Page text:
Integration testing with Docker-Compose, Gradle and Spring Boot

Learn how to use a simple class rule to create containers just in time for integration tests
November 20, 2017 by Michael

This post has been featured on This Week in Spring – November 28th, 2017.

Lately I have been preparing a small project called simple-meetup that I plan to use for different purposes. You’ll find the repository at GitHub: It’s the first project where I used Gradle very intensive and I like my build file a lot.

The first intention of this repository is being an example for an article for OBJEKTSpektrum on testing. The project used JUnit 5 at the beginning, but I switched back to 4 for various reasons, which I explain in a follow up. Thanks upfront to Christian Stein, JUnit 5 committer and contributor, for your interest and feedback on this!

I already wrote about integration testing with Docker and Maven. In that post I used the docker-maven-plugin to fire up supporting services for my tests.

While researching similar options to use with Gradle, I stumbled upon this post by Thomas Kieffer from Codecentric. He describes the docker-compose-role in detail. This rule is a JUnit 4 rule designed to start containers defined in a docker-compose.yml before tests and tearing them down afterwards and also waiting for services to become available before running tests.

This is quite nice, as it doesn’t make your tests dependend on the build tool itself. There is activity to make this available as JUnit 5 extension as well, see #138.

While Thomas demonstrated a generic approach, I’d like to show you how to use this with Spring Boot and replace Spring Boot properties at the right point before the Spring context gets refreshed.

For my meetup project, I need a database and I want to run integration tests against the “real deal”. Here’s my Docker-Compose file:

And this is what the integration tests looks like:

@ContextConfiguration(initializers = PortMappingInitializer.class)
public class EventRepositoryIT {
    private static DockerComposeRule docker = DockerComposeRule.builder()
        .waitingForService("it-database", HealthChecks.toHaveAllPortsOpen())
        .waitingForService("it-database", PostgresHealthChecks::canConnectTo)
    public static TestRule exposePortMappings = RuleChain.outerRule(docker)
        .around(new PropagateDockerRule(docker));
    // Actual tests omitted

Two things to notice: First I didn’t use the DockerComposeRule as a class rule. Instead, I used a chain of JUnit rules. A rule chain works from outer to inner rules. The declaration public static TestRule exposePortMappings = RuleChain.outerRule(docker).around(new PropagateDockerRule(docker)) says: Apply the docker-compose-rule first and then an instance of PropagateDockerRule. Second: I apply ContextConfiguration with an instance of Springs ApplicationContextInitializer, dubbed PortMappingInitializer.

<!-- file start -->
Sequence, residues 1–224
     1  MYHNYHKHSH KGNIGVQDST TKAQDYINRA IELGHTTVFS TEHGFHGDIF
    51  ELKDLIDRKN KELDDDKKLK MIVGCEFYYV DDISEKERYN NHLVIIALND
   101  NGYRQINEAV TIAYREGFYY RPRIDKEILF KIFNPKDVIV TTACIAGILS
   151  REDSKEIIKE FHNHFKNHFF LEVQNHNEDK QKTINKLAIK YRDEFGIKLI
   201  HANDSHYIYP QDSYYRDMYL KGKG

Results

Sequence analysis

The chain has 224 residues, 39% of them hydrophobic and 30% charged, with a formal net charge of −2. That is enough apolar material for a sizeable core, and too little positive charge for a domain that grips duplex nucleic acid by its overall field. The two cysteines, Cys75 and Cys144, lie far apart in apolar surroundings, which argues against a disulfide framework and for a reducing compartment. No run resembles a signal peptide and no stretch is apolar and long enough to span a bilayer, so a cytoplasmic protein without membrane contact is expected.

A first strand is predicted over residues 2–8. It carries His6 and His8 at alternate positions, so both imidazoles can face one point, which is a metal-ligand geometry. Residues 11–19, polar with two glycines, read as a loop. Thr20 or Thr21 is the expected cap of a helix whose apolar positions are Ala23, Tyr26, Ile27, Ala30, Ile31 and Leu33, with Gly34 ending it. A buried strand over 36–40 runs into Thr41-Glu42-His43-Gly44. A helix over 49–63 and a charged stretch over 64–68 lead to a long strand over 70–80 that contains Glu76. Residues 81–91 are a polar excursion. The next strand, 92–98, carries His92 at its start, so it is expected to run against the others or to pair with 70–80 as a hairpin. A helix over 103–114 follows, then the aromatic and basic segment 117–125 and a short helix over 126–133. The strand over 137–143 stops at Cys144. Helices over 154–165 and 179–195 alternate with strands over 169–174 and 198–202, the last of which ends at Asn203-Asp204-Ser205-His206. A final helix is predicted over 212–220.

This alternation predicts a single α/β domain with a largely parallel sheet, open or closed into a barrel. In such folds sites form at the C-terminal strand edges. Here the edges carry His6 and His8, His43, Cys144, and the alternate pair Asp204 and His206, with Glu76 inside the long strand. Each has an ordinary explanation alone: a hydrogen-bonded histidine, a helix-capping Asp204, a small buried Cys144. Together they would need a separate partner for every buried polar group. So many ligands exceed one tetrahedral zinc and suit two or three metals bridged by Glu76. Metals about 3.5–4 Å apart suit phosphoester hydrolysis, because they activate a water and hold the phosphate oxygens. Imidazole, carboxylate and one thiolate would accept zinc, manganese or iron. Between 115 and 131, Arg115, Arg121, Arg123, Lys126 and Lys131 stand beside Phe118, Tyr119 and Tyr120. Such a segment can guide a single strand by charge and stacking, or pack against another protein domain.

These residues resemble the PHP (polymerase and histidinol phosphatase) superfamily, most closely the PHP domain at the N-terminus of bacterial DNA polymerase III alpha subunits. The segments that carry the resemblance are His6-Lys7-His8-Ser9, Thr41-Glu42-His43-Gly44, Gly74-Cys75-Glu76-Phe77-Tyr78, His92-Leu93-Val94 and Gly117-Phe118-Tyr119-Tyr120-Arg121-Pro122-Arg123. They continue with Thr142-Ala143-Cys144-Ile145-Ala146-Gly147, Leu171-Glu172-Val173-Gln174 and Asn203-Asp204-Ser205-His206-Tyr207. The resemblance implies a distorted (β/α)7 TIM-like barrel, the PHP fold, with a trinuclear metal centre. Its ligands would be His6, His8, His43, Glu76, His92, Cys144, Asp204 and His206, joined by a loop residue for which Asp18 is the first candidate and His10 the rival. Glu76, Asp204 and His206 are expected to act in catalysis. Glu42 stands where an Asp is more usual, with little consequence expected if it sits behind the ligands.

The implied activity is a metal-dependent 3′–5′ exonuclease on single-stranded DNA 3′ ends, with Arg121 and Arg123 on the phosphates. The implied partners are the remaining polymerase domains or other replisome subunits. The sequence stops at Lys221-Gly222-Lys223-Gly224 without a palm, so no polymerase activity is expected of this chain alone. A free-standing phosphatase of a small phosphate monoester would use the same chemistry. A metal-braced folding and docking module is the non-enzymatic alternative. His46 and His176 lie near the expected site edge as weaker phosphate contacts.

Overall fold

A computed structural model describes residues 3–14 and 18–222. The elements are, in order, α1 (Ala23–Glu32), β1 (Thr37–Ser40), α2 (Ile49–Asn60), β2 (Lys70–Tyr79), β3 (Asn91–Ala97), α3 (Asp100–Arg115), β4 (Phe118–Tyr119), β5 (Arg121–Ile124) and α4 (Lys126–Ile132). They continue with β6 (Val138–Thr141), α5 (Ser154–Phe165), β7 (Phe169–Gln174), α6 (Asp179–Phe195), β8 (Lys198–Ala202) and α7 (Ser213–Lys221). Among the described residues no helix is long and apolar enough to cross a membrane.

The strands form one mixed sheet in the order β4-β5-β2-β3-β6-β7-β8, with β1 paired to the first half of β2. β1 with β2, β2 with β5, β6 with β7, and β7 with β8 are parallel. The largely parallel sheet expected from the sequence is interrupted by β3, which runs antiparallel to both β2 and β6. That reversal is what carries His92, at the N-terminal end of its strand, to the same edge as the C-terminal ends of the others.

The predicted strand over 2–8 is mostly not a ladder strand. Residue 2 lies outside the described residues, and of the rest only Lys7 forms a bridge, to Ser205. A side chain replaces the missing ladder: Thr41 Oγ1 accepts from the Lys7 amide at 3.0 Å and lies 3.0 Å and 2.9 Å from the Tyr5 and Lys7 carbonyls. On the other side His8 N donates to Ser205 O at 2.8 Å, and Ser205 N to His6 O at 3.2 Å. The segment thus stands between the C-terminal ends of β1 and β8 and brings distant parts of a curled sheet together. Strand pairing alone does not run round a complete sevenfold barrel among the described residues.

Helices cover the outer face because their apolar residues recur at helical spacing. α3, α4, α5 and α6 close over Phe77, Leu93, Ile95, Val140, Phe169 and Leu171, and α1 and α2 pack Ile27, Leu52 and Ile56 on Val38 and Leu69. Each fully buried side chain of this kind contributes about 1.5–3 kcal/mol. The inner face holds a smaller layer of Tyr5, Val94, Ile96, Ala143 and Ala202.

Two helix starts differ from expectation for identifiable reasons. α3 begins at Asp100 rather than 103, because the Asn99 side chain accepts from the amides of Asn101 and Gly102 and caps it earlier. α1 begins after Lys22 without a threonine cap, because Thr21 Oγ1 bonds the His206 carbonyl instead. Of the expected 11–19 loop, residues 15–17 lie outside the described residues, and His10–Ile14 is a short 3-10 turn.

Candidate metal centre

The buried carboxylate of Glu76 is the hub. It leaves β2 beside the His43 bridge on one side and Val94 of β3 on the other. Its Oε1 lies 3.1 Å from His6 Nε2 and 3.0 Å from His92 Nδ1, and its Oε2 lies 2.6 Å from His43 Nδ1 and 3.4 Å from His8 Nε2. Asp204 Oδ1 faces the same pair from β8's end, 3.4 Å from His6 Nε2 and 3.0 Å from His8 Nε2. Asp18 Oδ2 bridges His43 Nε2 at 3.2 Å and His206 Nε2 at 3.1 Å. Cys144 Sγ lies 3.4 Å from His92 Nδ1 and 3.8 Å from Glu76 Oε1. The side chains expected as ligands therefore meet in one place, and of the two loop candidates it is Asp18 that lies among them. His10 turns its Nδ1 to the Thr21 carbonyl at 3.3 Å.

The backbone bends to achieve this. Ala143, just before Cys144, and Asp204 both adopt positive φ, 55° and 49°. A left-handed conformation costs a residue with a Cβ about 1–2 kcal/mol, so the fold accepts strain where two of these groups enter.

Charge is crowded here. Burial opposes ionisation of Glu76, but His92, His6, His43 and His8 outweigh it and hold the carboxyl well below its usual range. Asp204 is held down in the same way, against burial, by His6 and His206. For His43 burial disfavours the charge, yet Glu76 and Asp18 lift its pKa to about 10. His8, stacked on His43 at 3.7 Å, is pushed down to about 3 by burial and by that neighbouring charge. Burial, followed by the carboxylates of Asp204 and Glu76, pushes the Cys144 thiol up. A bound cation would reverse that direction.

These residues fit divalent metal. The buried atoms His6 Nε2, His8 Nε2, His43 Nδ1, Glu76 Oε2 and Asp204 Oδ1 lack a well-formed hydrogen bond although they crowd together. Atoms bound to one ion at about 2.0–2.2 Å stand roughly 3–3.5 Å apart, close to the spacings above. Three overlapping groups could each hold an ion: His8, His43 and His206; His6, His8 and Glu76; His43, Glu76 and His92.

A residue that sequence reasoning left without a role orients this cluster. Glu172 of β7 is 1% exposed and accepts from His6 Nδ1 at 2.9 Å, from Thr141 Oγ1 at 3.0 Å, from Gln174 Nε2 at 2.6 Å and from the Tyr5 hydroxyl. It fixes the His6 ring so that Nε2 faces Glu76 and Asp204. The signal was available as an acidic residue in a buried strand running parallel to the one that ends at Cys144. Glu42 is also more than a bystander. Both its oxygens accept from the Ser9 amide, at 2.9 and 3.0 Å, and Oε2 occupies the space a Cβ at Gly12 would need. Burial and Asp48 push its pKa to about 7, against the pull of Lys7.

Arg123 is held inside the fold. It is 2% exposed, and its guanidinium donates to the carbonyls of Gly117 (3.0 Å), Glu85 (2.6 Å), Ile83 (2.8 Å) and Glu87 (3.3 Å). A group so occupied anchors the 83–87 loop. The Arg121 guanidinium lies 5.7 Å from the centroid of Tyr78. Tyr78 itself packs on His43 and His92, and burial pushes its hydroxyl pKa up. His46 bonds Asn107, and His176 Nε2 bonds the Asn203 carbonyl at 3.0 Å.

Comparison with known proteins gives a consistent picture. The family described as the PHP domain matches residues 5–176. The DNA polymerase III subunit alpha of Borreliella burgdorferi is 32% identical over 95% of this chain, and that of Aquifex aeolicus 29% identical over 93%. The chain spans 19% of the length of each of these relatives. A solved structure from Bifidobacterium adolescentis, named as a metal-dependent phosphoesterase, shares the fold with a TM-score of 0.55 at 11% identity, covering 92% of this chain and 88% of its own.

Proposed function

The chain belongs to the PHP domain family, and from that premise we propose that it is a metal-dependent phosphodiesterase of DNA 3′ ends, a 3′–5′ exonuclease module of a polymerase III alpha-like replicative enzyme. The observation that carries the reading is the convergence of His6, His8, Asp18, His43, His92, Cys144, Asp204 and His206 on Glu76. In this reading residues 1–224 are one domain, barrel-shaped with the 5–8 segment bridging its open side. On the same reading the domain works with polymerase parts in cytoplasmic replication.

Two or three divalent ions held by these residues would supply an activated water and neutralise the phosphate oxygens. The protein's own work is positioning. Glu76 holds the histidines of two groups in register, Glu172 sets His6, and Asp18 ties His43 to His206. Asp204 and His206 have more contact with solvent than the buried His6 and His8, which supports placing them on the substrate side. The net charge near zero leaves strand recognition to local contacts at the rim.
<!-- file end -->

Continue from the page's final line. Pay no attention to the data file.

The initializers are called just before the Spring Boot context gets refreshed and autoconfiguration kicks in. What my initializer does is getting the instance of the docker compose rule out of a thread local and reads the name of all services and the mapped ports from it:

The important part is the usage of `TestPropertySourceUtils`. I use it to add inline properties to the environment. Those test properties have higher priority than any other properties except the devtools properties.

The purpose of the PropagateDockerRule is then plain and simple: It stuffs the current instance of the docker compose rule into the thread local:

That way, I can use inlined properties like this: spring.datasource.url = jdbc:postgresql://localhost:${it-database.port}/postgres. Spring Boot and it’s starters use it to point my database agains the instance I just started. The project repo includes additional health checks, but that’s all there is. The test database would also be subject to initialization, wether one uses Flyway, Liquibase or a simple schema or data script.

What’s nice about the setup is that I can fire up the test from my IDE, regardless of the build-tool. While one can usually run single Unit tests from the IDEs out there, its more complicated to run a single failsafe-based integration test with Maven.

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4 Trackbacks/Pingbacks
  1. […] run against a docker-based Postgres container. Michael Simons wrote a similar post a few days ago, his approach increases on the integration with Spring Boot. Here’s an example using Michael’s […]

  2. […] Simons looks at integration testing with Spring Boot, Gradle and Docker Compose in this article. Well worth a look, as […]

  3. […] very nice was the mentioning of my latest short tutorial in this week in […]

  4. This Week in Spring: SpringOne and Agile on April 13, 2018 at 10:39 AM

    […] Simons looks at integration testing with Spring Boot, Gradle and Docker Compose in this article. Well worth a look, as […]

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